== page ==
TW: This article contains discussions of reproductive health and fertility.
Seven months ago my consultant made the decision that it was in my best interests to be induced into chemical menopause. In the two years since my initial diagnosis via surgery, endometriosis had returned and spread to my bladder and was showing no signs of slowing down.
With the NHS waiting list for laparoscopy and cystoscopy looking dire, and my inability to finance surgery for excision privately, it seemed there was a ticking time bomb strapped to my organs – and medical menopause was my only feasible option.
The concept of menopause at twenty years old is bizarre, though I trusted my consultant’s judgement. The injection I am taking, Prostap, has a concoction of side effects, alongside the existing unpleasant symptoms of menopause, but it feels the endurance of these side effects is the lesser of two evils.
I live with chronic pain and bladder issues – amongst other things – and frankly, I am willing to try anything to ease my pain.
The recommended length of time to be on prostap is six months, though I have already surpassed this suggested time period – and will remain on it for the foreseeable future.
When talking to others about my endometriosis and the chemical menopause for the first time, the response has almost always been the same;
“So… What are you going to do about children?”
Contrary to popular belief, the ‘poor yous’ and sympathetic pats on the shoulder are not the understanding gestures many believe them to be.
Though menopause is in my best interest, people seem to be more concerned about the potential implications it could have on my partner and I’s unborn – and frankly unplanned – children, rather than its potential benefits for me.
Am I nothing more than a walking, talking baby machine?
For a presently fictional child to be held as more valuable and worthy of concern than the management of my pain is an incredibly harmful concept.
First of all, I feel it should go without saying that my thoughts and feelings about starting a family are not a topic that invites discussion. Medical conditions are not a free pass to pry into the private lives of others.
Secondly, endometriosis impacts my life on a daily basis. It is not just a conversation topic, or a matter of pregnancy troubles, but something that I constantly navigate my life around. Even though it is estimated that 60-70% of those with endometriosis can get pregnant spontaneously, the condition is still viewed as little more than a fertility issue.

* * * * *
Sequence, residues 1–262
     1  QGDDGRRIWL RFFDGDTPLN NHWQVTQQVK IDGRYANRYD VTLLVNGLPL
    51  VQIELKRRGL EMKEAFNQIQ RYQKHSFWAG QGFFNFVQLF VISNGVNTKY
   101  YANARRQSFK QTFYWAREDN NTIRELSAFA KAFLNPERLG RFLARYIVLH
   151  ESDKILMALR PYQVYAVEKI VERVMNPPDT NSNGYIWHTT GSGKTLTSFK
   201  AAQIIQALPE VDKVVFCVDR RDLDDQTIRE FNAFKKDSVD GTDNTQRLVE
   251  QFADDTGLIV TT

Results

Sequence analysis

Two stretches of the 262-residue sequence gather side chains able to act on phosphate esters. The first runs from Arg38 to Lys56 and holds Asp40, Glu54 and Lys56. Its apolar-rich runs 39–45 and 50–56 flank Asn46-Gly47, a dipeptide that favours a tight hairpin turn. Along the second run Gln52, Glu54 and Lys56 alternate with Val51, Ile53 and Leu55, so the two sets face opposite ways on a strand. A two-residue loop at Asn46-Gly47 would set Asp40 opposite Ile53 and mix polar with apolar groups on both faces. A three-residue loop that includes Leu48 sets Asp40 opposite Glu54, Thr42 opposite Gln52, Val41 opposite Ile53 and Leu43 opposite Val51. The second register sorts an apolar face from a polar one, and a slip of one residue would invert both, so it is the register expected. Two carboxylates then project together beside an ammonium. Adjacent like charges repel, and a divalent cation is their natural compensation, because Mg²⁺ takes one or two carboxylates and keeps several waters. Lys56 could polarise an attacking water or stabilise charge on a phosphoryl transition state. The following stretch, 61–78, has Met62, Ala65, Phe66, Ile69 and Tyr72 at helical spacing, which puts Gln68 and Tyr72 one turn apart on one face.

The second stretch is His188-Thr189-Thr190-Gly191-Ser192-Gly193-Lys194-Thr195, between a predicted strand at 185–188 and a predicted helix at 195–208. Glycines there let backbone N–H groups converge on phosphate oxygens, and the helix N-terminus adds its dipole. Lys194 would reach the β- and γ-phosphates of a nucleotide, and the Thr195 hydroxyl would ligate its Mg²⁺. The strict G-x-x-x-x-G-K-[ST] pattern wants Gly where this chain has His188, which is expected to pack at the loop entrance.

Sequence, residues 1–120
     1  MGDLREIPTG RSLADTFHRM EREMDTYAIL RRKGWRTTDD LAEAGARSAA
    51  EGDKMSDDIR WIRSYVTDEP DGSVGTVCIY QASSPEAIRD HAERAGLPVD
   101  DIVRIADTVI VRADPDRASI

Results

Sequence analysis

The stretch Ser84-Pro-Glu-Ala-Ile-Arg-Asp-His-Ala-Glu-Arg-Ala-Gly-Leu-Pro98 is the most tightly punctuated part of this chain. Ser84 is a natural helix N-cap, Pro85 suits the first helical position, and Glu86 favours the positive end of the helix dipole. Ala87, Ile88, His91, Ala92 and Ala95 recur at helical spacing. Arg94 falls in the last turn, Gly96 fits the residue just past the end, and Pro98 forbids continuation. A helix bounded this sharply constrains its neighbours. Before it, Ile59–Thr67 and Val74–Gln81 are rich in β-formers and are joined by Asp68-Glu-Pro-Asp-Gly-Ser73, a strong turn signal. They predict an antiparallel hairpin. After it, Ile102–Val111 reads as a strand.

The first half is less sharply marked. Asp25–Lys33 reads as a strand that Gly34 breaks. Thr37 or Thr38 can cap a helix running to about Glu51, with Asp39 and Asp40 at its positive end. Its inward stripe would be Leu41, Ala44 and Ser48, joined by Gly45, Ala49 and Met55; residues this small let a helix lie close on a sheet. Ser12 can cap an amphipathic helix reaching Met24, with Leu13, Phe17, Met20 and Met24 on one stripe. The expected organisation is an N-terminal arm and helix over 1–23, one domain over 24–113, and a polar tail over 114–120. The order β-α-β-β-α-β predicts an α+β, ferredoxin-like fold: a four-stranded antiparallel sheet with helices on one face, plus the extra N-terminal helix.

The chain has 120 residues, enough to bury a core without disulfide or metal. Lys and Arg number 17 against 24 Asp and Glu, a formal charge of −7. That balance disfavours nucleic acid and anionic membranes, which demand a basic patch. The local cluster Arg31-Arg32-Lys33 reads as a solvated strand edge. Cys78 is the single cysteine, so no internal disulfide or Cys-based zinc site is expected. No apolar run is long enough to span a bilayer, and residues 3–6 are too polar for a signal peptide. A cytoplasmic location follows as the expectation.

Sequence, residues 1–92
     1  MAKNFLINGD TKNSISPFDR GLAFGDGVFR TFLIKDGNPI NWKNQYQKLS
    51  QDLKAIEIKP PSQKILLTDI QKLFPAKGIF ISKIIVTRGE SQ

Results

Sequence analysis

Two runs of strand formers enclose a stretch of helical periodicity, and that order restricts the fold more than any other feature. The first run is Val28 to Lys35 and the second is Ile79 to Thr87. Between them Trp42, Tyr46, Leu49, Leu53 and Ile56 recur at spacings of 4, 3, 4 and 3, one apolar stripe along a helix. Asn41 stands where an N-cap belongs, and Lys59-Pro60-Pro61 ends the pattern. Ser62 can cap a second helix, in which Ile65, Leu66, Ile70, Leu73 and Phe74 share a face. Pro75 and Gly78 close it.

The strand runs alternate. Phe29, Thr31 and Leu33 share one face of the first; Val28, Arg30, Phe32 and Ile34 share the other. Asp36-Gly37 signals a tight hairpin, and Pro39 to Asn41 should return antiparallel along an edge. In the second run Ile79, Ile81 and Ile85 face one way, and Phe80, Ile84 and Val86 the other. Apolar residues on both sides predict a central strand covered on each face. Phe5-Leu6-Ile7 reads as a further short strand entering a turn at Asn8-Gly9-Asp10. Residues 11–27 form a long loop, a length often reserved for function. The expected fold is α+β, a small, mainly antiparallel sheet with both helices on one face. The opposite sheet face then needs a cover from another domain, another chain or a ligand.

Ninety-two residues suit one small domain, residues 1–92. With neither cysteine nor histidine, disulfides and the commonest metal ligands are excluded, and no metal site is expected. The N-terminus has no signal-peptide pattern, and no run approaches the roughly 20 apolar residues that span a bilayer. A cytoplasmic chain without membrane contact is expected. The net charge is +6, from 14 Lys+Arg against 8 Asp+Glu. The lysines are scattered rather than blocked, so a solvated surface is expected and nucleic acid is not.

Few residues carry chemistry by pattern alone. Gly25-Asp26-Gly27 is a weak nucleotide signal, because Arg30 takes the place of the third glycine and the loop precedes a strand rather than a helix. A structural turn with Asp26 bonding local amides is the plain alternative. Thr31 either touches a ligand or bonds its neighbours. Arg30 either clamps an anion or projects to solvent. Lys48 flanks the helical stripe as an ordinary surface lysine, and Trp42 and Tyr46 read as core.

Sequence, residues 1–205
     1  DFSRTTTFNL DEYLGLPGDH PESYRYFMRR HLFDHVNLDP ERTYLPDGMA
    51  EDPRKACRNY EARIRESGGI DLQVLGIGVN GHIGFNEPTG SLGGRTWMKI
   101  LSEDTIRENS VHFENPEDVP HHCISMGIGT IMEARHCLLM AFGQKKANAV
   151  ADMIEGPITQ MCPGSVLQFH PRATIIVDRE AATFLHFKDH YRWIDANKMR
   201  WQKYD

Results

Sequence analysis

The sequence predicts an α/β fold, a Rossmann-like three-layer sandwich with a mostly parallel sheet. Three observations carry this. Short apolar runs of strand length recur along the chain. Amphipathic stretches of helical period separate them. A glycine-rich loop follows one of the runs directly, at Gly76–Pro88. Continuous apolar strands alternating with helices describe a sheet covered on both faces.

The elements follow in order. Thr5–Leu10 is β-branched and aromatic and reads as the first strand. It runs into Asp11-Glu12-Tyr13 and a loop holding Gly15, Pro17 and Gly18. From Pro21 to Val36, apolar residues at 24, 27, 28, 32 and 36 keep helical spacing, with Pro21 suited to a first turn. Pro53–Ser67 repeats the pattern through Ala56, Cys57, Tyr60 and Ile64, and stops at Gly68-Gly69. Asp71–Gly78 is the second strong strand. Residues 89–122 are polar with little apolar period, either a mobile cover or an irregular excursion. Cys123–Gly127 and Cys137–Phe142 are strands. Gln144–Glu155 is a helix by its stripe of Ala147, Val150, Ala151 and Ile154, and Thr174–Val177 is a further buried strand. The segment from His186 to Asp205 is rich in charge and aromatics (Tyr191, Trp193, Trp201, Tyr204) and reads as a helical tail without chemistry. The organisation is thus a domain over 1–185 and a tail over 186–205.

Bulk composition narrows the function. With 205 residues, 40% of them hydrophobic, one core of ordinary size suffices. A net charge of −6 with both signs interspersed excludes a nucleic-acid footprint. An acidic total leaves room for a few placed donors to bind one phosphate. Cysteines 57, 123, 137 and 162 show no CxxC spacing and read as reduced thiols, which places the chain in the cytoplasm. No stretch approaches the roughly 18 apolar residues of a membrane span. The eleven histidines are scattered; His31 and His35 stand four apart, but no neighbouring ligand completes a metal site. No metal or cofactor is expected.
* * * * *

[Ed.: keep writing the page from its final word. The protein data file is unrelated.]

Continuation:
To know that many people’s apprehensions lie with how my treatment could impact my life when it comes to trying for a baby, rather than the pros and cons it will (and has) had on my quality of life now, is hurtful.
Fertility is often placed on a pedestal and considered not only a right of passage but also something that defines our worth. A life infertile is a life unfulfilled, or so we are made to feel. Why is this thought process so deeply ingrained within us?
The concept of the ‘nuclear family unit’ is still massively prevalent in our society, to the extent that the potential inability to have a biological family automatically leads us to believe there is no way we can truly be happy. Personally, I struggle to see a more narrow-minded view than this.
This is in no way a dismissal of the pain that comes with fertility struggles – no one knows more than myself how many times I have cried at the thought of it. However, a happy family does not rely on biological ties, it relies on love, support, and acceptance – which of which do not necessitate fertile parents.
This is what makes the protruding questions sting so much more. Placing emphasis on fertility – an already fragile subject for many – and disregarding a person’s body as their own home, and not just a baby-making factory, is incredibly harmful and isolating. Irrespective of your intentions, I have never come away from one of these conversations feeling seen or heard.
I am not in control of my endometriosis and how it spreads. Would you choose menopause in your twenties, just for the fun of it? Before asking difficult questions, please recognise that a person with endometriosis is not just a medical condition, but a living, feeling human. While it may be a conversation for you, it is a reality for us.
There are ways you can be curious about the condition, though, without being insensitive:
- Instead of asking us what our ‘plans’ are, offer us a listening ear. Invite us to open up to you, but do not assume that asking makes you entitled to know the ins and outs of our lives.
- Focus on the now. Endometriosis is a very real, exhausting condition. If I am struggling with a flare-up, the last thing I want to talk about is babies!
- Think about your own life. Are you making conscious decisions about family planning right now? If the answer is no, why would you assume that we are?
- Understand that irrespective of the condition, not everyone wants children in the first place. Even if they do, you should not make assumptions, nor presume that the topic is up for discussion in the first place.
Living with endometriosis is already a difficult reality. Accessing medical care is a struggle in itself, with many sufferers facing dismissive doctors, ridiculously long waiting lists, and a general lack of knowledge on the condition.
We do not need the extra weight of uncomfortable conversations – please just support us in the present rather than questioning the future.
For more information, resources and support; visit Endometriosis UK
Image credit: PeopleImages / Getty Images
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